H1N1-Swine Flu: The Perfect Panacea for Political Dissent

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The heady mixture of pestilence, war and internal instability – Published on Global Research.ca, by Michael Werbowski, January 2, 2010.

Pandemic emergencies have been invoked in failing or failed states such as Mexico last spring, and more recently in Ukraine (“Ukraine’s Fantom flu”, Foreign Policy, November 25, 2009).

Both states are in current internal turmoil and are basically being kept afloat thanks to an IMF loan lifeline, or billions in cash infusions. But these economic shots in the arms from the IMF medics also seem to be accompanied by mass scare campaigns fomented from the top and fear mongering techniques. There is an odd coincidental timing between flu outbreaks and chronic political- economic pandemonium. Are the authorities attempting to cow the population into a state of submission? Continue Reading…

I wonder if all Muslim know this – Islam a la Taliban

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Published on CHOWK, by mohammad gill, December 25, 2009.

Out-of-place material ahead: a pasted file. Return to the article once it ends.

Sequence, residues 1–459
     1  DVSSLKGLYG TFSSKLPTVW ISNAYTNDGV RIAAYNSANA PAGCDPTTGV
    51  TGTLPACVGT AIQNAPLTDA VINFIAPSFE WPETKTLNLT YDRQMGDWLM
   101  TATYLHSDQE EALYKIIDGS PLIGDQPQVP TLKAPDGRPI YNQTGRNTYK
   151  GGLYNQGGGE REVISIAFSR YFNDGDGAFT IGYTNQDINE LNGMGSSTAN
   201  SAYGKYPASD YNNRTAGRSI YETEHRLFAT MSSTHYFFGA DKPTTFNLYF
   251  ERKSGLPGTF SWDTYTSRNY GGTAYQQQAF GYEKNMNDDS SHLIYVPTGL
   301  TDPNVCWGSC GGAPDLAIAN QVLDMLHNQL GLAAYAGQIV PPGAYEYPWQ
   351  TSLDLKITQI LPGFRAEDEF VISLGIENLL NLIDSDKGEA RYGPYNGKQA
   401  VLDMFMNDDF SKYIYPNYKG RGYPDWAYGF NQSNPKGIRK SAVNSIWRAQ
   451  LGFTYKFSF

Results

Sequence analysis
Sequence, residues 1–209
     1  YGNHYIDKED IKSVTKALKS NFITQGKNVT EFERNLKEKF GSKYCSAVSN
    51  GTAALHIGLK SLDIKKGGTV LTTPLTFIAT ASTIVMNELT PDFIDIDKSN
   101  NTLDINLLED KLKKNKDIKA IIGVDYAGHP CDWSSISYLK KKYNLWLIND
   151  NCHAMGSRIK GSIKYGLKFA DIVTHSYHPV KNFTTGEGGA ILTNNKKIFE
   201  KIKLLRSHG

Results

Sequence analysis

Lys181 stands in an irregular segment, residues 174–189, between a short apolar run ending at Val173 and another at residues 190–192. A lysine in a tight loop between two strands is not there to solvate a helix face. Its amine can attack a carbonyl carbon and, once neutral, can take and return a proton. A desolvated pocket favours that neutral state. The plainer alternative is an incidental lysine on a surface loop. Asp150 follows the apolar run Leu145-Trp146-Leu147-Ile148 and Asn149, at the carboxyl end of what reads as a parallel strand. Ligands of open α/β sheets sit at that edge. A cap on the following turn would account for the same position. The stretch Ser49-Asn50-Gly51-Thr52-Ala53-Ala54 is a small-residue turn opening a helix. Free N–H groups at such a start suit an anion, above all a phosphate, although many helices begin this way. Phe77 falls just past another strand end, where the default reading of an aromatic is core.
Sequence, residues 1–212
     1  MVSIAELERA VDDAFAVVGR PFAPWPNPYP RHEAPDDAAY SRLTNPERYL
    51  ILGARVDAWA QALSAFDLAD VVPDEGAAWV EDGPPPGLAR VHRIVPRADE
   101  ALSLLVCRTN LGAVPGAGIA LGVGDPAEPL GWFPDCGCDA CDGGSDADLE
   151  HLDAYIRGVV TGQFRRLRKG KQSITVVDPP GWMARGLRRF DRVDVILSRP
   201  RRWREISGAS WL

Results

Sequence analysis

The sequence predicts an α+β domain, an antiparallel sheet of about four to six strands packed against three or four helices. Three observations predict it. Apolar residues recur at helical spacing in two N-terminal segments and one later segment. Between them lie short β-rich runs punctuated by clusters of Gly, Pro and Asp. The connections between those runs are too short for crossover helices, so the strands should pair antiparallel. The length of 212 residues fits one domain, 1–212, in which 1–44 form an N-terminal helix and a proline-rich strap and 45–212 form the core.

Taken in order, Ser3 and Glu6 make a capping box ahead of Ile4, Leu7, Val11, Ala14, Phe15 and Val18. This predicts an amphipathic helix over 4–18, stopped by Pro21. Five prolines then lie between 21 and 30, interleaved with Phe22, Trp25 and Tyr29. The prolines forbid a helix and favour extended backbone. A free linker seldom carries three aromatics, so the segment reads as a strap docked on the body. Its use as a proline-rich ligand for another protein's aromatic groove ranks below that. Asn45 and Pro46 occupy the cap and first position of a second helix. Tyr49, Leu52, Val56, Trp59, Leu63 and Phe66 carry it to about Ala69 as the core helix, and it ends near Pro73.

Khalid Hosseini, the renowned author of The Kite Runner, described Islamic practice as propounded by the Taliban in Afghanistan in his other novel A Thousand Splendid Suns as follows. This quote is quite extensive but it is worthwhile to read it in full:

For all (men, women, children ):

  • All citizens pray five times a day. If it is prayer time and you are caught doing something other, you will be beaten.
  • All men will grow their beards. The correct length is at least one clenched fist beneath the chin. If you do not abide by this, you will be beaten.
  • All boys will wear turbans. Boys in grade one through six will wear black turbans, higher grades will wear white. All boys will wear Islamic clothes. Shirt collars will be buttoned.
  • Singing is forbidden.
  • Dancing is forbidden.
  • Playing cards, playing chess, gambling, and kite flying are forbidden.
  • Writing books, watching films, and painting pictures are forbidden.
  • If you keep parakeets, you will be beaten. Your birds will be killed.
  • If you steal, your hands will be cut off at the wrist.
  • If you steal again, your foot will be cut off.
  • If you are not Muslim, do not worship where you can be seen by Muslims. If you do, you will be beaten and imprisoned. If you are caught trying to convert a Muslim to your faith, you will be executed.